When Terry James was a young pup in the grain trading business, George Richardson told him something he’s always kept in the front of his mind: “It’s your name. It’s your reputation. It’s your word. It’s your bond.”
Richardson, the patriarch of the family whose name is synonymous with Winnipeg’s grain trade, told him that trading was all about trust.
“It helps to have a company behind you, like Richardson, but it’s going to be your name, your bond, that’s going to be of value to you throughout your career.”
After 44 years as a grain trader, James has retired, closing the books on a trading career that has gone from the days of phone booths and yellow pages to those in which hundreds of thousands of tonnes of grain are traded by text.
He is leaving an industry that has gone from an eight-rail car shipment of oats being considered large to today’s multiple 134-car trains being dispatched to fill orders.
It’s been a massive revolution in technology, volume, efficiency and speed in the world grain trade, but one in which the keystone virtues of reputation and personal connection haven’t changed at all.
“Did you talk to them? On the phone?” is a question James sometimes has for young traders, who like texting but often seem scared to make a phone call to the trader on the other side of deals. When a deal stalls, nothing works better than making that human connection.
“Pick up the phone and phone the guy.”
James isn’t a farm boy. He was born in Thunder Bay, Ont., went to high school in Nelson, B.C., and attended the University of Sask-atchewan for one year before switching to the University of British Columbia to study business. He wanted to be a trader.
He applied to Richardson Securities in 1972 after graduation, just “for practice” before doing interviews for the big banks and brokerage companies that he was actually interested in joining.
“That interview started me off on a 44 year career,” James said as he sat in a cafe beneath the Richardson Building, which dominates Winnipeg’s iconic Portage and Main intersection.
He was convinced to try grain trading and spent a year learning about the grain trade in Richardson grain elevators, terminals, feed mills, merchandising offices and inspection centres before being sent east to Ontario.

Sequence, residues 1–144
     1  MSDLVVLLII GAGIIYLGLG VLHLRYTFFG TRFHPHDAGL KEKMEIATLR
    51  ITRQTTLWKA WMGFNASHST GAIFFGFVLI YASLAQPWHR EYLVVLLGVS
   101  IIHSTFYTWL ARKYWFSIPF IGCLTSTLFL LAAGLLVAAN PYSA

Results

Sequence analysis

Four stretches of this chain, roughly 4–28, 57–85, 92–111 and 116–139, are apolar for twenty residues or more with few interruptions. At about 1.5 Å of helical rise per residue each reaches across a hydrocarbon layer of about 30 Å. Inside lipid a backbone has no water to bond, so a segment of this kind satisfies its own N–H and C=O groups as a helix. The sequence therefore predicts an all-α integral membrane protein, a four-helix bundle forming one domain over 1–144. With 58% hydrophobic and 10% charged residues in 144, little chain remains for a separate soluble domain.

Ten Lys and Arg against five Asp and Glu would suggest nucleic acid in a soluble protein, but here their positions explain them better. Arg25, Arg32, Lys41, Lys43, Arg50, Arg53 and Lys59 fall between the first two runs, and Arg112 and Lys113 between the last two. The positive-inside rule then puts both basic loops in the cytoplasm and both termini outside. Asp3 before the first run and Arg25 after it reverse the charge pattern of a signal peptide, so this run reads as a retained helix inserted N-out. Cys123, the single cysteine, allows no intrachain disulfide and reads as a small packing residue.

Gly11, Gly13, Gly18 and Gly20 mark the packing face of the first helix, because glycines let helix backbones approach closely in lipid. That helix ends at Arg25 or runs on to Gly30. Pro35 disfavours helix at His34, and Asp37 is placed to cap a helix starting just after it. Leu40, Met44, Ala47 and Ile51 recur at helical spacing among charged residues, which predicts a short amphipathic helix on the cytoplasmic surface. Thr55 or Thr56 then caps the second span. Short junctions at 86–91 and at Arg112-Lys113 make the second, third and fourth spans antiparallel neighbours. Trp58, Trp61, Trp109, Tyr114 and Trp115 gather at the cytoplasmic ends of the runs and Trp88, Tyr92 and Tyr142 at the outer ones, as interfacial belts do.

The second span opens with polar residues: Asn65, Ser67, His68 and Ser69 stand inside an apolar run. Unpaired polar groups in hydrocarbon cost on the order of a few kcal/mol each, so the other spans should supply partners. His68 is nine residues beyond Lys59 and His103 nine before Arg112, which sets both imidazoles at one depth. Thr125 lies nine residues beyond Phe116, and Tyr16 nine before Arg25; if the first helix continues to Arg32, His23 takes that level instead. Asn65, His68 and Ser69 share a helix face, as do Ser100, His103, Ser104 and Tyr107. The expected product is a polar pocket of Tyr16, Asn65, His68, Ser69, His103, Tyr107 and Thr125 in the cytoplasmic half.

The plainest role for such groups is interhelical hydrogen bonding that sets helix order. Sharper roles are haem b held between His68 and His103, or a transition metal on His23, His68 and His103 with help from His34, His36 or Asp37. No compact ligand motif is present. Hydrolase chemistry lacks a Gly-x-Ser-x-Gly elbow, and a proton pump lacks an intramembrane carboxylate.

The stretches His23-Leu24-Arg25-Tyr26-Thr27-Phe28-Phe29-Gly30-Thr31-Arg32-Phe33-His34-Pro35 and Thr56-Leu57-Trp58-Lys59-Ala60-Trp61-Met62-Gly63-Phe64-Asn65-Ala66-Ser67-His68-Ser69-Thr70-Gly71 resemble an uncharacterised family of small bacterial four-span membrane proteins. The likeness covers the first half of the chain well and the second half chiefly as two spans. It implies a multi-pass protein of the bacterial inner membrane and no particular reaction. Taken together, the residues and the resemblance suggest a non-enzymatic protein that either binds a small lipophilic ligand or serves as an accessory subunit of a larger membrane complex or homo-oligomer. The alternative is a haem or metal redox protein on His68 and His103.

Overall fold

“Earn your keep,” he was told, and he tried, as he built a Richardson presence in the southern Ontario grain economy.
He travelled town to town “obtaining” the yellow page listings for all the local grain elevators and merchants, which helped him build a formidable Rolodex when he got back to Toronto. In those days there were no centralized listings of dealers and no Google to find contacts.
James built up a base of contacts and the Richardson business in Ontario, buying and selling within Ontario and even beginning to export out of Ontario to Quebec and overseas.
He was lured to Winnipeg, the home of Richardson, not by that company but by rival Louis Dreyfus, with whom Richardson had many dealings.
Louis Dreyfus wanted to boost its Canadian exporting business, so hired James in 1979 and let him build a booming business.
Fortuitously for the Canadian grain trade, that year saw the Soviet Union’s invasion of Afghanistan and the U.S. export ban on the Soviets. The move created a massive new market for Canadian grain, which James strove to feed by shipping Canadian grain there while importing U.S. grain to satisfy domestic Canadian demand.
He was once raided by the RCMP, which suspected he was illegally re-exporting U.S. grain to the Soviets, but “we were very careful.”
In 1987 he moved back to Richardson and became active in the western Canadian market, moving grain between various buyers and sellers, including oats to General Mills in the United States. He would buy oats from the Canadian Wheat Board and then ship it south to the U.S.
“I had 99 percent market share,” said James.
Many things have changed since then: trains are getting larger, trading is getting faster and grain companies are becoming fewer.
Richardson has also changed radically, going from the seventh or eighth largest grain company in Canada to its largest.
James has bought and sold millions of tonnes of grain and shipped it all over the world, but he has no clue about the total tonnage he has marketed.
He said he and Richardson face few disputes and arbitrations, following a company culture of honourable dealings that he heard about 44 years ago from George Richardson.
“I treated that as gospel,” he said.
“You work it out. You stick by your deal.
Business partners from across the world travelled to Winnipeg in the summer for decades to visit James’ family cottage, where he, his wife, Mary, and his children would entertain them.
This included giving grain traders from congested parts of Asia a chance to fish and chop wood.
“The Japanese guys would line up to chop wood,” said James. “They thought it was so much fun.”
He’s planning to go the other way now that he’s retired, heading overseas with Mary to enjoy the exotic locales to which he has sent millions of tonnes of grain but hasn’t always had time to enjoy.
However, he said he’s going to miss Portage and Main, where he saw his industry evolve so much.
“I’m going to miss the people. I’m going to miss the excitement.”